The Industrial Era

Much of what is now Tucker County, West Virginia was vast wilderness until after the Civil War, when Henry Gassaway Davis, with the help of his brothers, began pursuing the rich coal resources on the banks of the North Fork of the Blackwater River. In 1884, a railroad line was constructed from Elkins to connect to Thomas. Coal from the first deep mine in the area was ready to be loaded by the time the track was completed. By 1892, Davis Coal and Coke Company, a partnership between Davis and S. Elkins, was among the largest coal companies in the world.

An experiment in 1887 determined that the coal was excellent for coking. Two years following the experiment, the company constructed over 500 “beehive” coke ovens along the mile and one-half rail line between Thomas and Douglas. Each year the coke ovens burned for 250 days, producing about 200,000 tons of coke. The group of houses situated near the coke ovens became known as Coketon.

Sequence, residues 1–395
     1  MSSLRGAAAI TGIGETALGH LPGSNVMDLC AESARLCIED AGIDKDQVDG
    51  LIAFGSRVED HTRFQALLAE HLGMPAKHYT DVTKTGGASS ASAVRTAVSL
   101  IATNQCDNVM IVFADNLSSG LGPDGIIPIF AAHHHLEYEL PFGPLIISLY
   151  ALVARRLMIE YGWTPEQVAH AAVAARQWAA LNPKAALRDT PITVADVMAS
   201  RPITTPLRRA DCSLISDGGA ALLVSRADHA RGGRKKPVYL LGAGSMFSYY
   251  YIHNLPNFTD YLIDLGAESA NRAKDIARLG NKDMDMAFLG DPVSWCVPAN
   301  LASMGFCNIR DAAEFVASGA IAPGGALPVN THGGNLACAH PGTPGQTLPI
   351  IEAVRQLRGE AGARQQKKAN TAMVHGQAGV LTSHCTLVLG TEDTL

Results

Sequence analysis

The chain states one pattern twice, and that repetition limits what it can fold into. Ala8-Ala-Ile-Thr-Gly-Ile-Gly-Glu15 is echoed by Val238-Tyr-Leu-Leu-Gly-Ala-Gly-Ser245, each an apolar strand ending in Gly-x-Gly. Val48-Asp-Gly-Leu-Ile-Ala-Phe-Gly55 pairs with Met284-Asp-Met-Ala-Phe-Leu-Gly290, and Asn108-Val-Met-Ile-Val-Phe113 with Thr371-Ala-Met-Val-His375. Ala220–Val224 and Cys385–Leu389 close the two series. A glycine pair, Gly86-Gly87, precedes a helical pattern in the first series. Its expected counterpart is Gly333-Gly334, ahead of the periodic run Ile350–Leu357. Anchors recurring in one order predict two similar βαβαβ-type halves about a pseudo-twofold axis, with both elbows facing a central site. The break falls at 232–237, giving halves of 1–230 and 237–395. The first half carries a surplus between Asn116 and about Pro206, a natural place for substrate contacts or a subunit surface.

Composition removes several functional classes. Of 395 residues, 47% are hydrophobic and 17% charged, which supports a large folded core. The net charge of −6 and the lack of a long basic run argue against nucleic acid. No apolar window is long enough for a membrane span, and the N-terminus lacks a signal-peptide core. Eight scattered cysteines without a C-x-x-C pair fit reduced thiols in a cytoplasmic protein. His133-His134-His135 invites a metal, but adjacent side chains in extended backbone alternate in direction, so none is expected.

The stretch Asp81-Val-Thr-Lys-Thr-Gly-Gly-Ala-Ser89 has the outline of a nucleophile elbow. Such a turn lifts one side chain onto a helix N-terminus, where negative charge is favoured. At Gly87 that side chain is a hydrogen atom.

Headquartered in Coketon, Davis Coal and Coke Company reached peak production in 1910. The company controlled 135,000 acres, employed 1,600 men of 16 nationalities, operated two power plants, and worked more than 1,000 coke ovens and nine mines within one square mile of the central office. The nearby Town of Thomas boasted the grandest railway station between Cumberland, MD and Elkins. The Buxton and Landstreet Store in Coketon was considered the finest building in the county, with its white tile bricks, ornamental ceilings, graceful columns and electric lights.

The boom did not last. Due to advancements in refining techniques, coke production in beehive ovens was discontinued in 1912, beginning the area’s slow decline. Some mines remained active through World War II, but by 1950 only two mines were still working -- and Coketon’s population continued to diminish. Underground mining ceased altogether in 1956.

Today, the railroad grade and associated structures from Thomas to Hendricks are known as the Blackwater Industrial Complex. The site has been declared eligible for the National Register of Historic Places by the Keeper of the Register. Many intact cultural remains, especially the coke ovens, make the area distinctive.

For more information about Blackwater Canyon History, please visit www.saveblackwater.org.